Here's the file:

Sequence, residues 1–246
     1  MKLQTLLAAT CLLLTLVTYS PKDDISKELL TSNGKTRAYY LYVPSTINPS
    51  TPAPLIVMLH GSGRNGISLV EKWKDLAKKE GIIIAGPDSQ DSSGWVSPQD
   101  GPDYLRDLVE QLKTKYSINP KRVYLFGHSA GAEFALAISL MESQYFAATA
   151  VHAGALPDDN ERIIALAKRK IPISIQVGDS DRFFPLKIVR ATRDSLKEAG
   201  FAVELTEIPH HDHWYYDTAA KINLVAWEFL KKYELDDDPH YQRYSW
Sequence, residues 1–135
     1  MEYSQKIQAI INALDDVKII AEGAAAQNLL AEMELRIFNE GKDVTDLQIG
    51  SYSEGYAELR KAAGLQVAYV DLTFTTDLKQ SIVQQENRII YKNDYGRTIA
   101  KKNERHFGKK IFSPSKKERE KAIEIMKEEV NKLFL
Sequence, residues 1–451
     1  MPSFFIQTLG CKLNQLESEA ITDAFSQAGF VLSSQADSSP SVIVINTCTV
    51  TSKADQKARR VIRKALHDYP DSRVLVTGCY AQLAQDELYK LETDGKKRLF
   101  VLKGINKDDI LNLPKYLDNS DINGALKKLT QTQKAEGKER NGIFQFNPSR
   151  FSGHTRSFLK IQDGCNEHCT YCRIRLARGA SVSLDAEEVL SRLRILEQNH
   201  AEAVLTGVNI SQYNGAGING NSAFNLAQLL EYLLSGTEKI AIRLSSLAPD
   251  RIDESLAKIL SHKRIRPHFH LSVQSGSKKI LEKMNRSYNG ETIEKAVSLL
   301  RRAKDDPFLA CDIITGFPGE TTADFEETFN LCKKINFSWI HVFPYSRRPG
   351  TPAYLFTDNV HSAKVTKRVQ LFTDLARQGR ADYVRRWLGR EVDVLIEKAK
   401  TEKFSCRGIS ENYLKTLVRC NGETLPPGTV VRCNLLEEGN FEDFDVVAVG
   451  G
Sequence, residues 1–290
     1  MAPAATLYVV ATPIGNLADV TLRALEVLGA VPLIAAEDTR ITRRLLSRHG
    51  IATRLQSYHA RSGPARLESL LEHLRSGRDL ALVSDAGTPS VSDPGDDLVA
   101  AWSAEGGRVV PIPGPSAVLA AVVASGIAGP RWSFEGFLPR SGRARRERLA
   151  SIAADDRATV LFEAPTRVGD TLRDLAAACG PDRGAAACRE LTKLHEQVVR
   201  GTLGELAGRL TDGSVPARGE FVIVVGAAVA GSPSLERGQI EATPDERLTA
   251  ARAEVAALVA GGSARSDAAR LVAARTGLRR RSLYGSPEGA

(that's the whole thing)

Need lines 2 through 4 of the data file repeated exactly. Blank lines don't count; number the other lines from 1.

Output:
     1  MKLQTLLAAT CLLLTLVTYS PKDDISKELL TSNGKTRAYY LYVPSTINPS
    51  TPAPLIVMLH GSGRNGISLV EKWKDLAKKE GIIIAGPDSQ DSSGWVSPQD
   101  GPDYLRDLVE QLKTKYSINP KRVYLFGHSA GAEFALAISL MESQYFAATA